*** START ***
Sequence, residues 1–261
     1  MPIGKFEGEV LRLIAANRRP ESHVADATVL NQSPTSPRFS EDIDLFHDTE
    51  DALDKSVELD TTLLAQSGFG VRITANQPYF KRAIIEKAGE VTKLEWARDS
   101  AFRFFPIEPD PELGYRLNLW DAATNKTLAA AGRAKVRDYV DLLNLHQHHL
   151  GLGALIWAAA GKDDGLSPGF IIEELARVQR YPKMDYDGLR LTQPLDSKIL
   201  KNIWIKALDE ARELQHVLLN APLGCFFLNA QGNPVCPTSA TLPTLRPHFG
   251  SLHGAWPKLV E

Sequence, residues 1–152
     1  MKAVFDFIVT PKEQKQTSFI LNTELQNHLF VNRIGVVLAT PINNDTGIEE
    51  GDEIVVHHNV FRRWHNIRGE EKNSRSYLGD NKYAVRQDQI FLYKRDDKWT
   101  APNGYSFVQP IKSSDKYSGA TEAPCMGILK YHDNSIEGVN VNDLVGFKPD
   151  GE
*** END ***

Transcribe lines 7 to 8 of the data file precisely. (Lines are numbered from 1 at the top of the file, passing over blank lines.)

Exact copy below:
   251  SLHGAWPKLV E

Sequence, residues 1–152